May 1, 2012
Borton's Blog: Two of a kind
Brady Hoke and John Beilein share a lot in common, despite one coming from Ohio and the other New York. Those similarities bode well for two of Michigan's highest profile sports over the next several years.
Here's a short list, with room for expansion
• Beilein and his wife, Kathleen, have been married for 33 years. Hoke and his wife, Laura, have been married for 32. Obviously, they know a little bit about the commitment and accountability they preach.
• Neither Beilein or Hoke is a big talker, either in predictions about their teams or in self-promotion. When Hoke says he has an ego this big (holding thumb and index finger an inch apart), he backs it up in every way imaginable, blaming himself for the Michigan State loss last year while turning every bit of the Ohio State victory spotlight on his players, especially his seniors.
Beilein similarly heaped praise on Zack Novak and Stu Douglass for Michigan's run to the Big Ten title, while spreading the plaudits throughout the roster. It was never about him, and it's obvious it never will be.
• Neither of the two are excuse-makers. One need look no farther than the difficult losses to Michigan State each suffered over the past few months to understand that. Hoke credited the opponent, took the hit for any preparation issues, and moved onward (and considerably upward).
Beilein didn't bemoan anything after losing in East Lansing - not the fatigue of his players, not the officials, not the conditioning of his players, not even the effectiveness of his scout team. He demonstrated a grace and class in defeat that isn't common these days.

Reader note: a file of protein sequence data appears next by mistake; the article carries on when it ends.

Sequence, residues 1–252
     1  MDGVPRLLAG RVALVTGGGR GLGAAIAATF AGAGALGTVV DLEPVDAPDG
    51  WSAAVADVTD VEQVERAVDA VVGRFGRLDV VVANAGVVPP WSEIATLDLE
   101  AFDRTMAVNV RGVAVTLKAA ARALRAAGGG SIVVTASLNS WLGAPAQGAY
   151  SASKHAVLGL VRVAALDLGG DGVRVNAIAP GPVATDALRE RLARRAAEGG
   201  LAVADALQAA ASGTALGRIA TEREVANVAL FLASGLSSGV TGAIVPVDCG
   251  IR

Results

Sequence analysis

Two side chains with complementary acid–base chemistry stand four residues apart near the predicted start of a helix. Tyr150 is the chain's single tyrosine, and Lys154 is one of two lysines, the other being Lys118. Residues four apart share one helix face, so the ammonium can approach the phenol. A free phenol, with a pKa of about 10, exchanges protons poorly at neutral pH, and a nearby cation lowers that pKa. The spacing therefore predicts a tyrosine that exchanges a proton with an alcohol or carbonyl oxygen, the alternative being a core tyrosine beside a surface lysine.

• Both have a common touch with those they're around. Michigan fans encounter one or the other, and come away genuinely impressed by the way they're treated. Some of that comes with the territory and the position, but there are some aspects of interacting with others that can't be faked.
• Both are well regarded and high achievers already, when it comes to their sport at Michigan. Three NCAA Tournaments over the past four years and U-M's first Big Ten championship since 1986 says plenty about Beilein, while Hoke's 11-2 initial run and extremely high-level recruiting whisper that bigger gains are right around the corner.
• Both are respected by their peers. Coaches from Bob Knight to Rick Pitino and back spoke about Beilein's uncanny Xs and Os before he ever rolled into Ann Arbor. Hoke's Coach of the Year effort in the Big Ten, and finalist standing for several national Coach of the Year awards, says plenty.
All of that doesn't guarantee the Daily Double of Big Ten championships in those sports come fall/winter. But the fact that Michigan stands closer to such being a possibility than it has in close to 20 years speaks pretty loudly.
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